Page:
“People hate us”: Israeli fans rail against Eurovision

“People hate us”: Israeli fans rail against Eurovision
“People hate us”: Israeli fans rail against Eurovision

“Clearly political”: Eden Golan fans gathered on Saturday evening in Tel Aviv to watch the Eurovision final have difficulty digesting the defeat of the Israeli candidate. They believe the vote was biased due to the war in the Gaza Strip.

A victory for Israel has always seemed unlikely, given the controversy surrounding its participation in Eurovision while its army continues to bomb and besiege the Gaza Strip. Thousands of musicians around the world had asked, in vain, for the country to be excluded from the competition (archives).

KEYSTONE

However, the atmosphere was high in the packed Layla bar when Eden Golan appeared on screen with her long lavender hair and matching nails and began singing “Hurricane”. Her white muslin dress billowed in the artificial wind while smoke engulfed the stage.

While the singer was performing, many customers at Layla, which self-proclaimed “the best gay bar in Tel Aviv,” began to dream of an Israeli victory in this competition.

The ace. When the votes began to roll in and it became clear that few jurors representing the 37 countries were offering their votes to Israel, morale began to plummet. Those who a few minutes earlier were jumping around waving Israeli flags are now seated, some with their heads in their hands.

“People hate us”

“It’s clearly political,” complains Guy, a 20-year-old young man who refuses to give his last name so as not to let his family learn that he went to a gay bar. “Eden was great. But there are people who hate us. They don’t see the general context,” he regrets.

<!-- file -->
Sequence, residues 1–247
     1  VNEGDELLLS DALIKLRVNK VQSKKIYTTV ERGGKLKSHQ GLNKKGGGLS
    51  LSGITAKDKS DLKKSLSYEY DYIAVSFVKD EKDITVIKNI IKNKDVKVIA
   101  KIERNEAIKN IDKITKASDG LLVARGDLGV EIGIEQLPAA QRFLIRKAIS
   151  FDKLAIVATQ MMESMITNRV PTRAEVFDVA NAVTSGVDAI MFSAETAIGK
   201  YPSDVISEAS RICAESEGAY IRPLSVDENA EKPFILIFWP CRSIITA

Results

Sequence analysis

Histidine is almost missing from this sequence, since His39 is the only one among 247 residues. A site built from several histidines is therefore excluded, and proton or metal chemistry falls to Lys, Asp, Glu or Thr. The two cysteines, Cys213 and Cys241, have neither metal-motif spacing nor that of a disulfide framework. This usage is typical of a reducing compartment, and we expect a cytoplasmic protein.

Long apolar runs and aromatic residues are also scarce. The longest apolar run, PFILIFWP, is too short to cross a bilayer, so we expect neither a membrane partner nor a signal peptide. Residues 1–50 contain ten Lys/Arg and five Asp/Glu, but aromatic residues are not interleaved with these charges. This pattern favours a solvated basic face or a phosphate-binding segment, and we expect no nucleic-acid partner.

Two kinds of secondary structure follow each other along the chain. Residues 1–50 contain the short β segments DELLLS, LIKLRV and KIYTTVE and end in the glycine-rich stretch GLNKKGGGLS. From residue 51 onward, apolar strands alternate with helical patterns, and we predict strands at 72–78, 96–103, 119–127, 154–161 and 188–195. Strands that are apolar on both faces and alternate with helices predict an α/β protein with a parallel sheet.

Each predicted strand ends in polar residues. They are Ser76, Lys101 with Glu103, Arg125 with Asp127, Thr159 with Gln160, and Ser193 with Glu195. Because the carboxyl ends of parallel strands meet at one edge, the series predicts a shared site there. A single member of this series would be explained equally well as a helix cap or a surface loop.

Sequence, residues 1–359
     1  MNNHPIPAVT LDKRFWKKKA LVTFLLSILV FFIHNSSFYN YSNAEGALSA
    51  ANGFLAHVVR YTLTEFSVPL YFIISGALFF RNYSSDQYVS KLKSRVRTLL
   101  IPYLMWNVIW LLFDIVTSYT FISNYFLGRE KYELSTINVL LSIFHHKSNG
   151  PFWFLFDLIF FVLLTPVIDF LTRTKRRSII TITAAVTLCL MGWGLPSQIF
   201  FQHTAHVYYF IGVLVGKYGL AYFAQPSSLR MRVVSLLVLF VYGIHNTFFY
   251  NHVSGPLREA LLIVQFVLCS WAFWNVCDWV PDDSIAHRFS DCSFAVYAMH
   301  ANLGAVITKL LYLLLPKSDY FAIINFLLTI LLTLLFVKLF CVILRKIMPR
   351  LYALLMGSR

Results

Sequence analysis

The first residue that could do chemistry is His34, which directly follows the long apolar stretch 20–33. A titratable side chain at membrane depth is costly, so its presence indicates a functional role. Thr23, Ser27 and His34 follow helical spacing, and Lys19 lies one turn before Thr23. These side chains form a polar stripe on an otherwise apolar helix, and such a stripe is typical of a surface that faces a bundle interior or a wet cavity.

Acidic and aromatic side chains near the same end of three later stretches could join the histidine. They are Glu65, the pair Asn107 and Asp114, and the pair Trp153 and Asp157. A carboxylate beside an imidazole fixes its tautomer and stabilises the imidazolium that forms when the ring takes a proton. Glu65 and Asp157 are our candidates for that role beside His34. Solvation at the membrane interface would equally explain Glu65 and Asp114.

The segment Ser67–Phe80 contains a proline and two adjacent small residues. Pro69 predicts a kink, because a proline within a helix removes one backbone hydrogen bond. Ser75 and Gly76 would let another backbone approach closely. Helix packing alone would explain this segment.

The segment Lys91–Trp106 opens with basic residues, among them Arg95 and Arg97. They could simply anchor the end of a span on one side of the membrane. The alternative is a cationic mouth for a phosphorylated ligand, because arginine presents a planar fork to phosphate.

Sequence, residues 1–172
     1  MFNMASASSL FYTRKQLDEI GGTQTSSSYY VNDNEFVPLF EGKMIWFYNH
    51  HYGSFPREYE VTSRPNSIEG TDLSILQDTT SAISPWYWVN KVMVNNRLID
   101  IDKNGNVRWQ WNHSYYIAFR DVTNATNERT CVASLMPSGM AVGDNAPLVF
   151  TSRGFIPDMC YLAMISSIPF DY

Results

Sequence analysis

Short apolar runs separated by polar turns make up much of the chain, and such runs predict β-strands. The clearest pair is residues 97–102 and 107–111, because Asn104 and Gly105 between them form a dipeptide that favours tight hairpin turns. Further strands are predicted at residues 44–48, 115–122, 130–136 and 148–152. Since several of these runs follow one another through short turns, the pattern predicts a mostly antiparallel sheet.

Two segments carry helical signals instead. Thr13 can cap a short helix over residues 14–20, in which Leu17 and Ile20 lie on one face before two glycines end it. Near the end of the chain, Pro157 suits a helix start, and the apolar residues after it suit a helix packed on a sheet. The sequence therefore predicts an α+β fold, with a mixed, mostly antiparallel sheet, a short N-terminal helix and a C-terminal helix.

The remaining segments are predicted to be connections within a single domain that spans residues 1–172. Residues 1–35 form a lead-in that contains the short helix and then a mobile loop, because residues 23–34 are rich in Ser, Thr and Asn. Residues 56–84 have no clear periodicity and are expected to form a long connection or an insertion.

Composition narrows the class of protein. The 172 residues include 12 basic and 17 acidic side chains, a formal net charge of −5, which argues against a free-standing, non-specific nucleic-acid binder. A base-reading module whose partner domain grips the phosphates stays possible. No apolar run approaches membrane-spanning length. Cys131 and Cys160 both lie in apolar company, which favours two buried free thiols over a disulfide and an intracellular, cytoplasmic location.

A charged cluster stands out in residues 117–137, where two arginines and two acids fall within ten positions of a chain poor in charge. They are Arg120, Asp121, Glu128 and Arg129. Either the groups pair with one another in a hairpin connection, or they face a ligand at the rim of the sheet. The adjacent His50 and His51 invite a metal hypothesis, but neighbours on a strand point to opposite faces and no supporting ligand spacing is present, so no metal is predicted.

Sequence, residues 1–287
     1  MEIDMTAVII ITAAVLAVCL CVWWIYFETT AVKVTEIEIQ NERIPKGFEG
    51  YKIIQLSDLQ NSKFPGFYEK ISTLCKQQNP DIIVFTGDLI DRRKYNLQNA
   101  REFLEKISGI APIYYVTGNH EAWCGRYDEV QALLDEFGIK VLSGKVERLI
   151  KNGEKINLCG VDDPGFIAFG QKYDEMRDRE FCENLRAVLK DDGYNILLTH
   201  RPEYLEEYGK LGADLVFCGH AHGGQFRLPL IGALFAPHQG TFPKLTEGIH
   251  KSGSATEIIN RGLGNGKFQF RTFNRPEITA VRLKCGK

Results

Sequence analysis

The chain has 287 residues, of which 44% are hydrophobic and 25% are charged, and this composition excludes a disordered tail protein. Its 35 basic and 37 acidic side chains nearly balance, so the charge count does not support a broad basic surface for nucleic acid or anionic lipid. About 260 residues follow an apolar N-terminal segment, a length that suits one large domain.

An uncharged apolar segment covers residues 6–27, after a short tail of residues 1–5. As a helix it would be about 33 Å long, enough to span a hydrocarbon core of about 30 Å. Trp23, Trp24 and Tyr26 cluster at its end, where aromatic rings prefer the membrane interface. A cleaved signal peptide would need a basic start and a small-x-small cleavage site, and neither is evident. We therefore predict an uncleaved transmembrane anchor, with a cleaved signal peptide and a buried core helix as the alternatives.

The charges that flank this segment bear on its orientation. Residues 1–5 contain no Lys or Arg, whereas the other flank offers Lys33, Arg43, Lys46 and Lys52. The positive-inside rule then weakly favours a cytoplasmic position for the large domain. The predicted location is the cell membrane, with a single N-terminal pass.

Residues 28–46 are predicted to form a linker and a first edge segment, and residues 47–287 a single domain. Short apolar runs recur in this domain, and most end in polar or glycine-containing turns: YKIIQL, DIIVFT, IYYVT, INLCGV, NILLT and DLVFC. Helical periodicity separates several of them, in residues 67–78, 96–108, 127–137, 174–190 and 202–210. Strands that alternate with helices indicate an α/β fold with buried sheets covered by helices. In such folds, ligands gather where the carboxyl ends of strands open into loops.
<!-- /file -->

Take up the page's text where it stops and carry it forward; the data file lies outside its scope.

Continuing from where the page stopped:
“We didn’t get much from the countries. “It’s obviously a political question,” says Tal Shur, Layla’s manager. “No one wants to show support.” In the days leading up to the competition, Israel had become one of the bookies’ favorites, alongside Croatia and Switzerland. It was the latter who ended up winning.

The national juries, whose vote counted for half, largely snubbed Israel. But the public vote, which counted for the other half, gave Eden Golan a spectacular boost, catapulting her from the depths of the rankings to a respectable fifth place.

This news has given new enthusiasm to Layla fans. “When Israel received this large number of points, I felt very happy because it is about music and not politics,” confides to AFP Nelly Bernardi, 41, who judges that the juries’ vote nationals was, on the contrary, “a shame”.

Edited song

A victory for Israel has always seemed unlikely, given the controversy surrounding its participation in Eurovision while its army continues to bomb and besiege the Gaza Strip. Thousands of musicians around the world had asked, in vain, for the country to be excluded from the competition.

The war began with the unprecedented attack launched by the Palestinian Islamist movement Hamas against Israel, which left more than 1,170 dead, mostly civilians, according to an AFP report based on official Israeli data. More than 250 people have been kidnapped and 128 are still missing, of whom 36 are believed to have died, according to the army.

In response, Israel promised to annihilate Hamas, considered a terrorist organization by the United States and the European Union. Its offensive in the Gaza Strip left at least 34,971 dead, according to the Hamas Ministry of Health. The song “Hurricane” by Eden Golan is an adaptation of an earlier version entitled “October Rain”, which had to be modified because it was considered by the organizers to allude to the Hamas attack.

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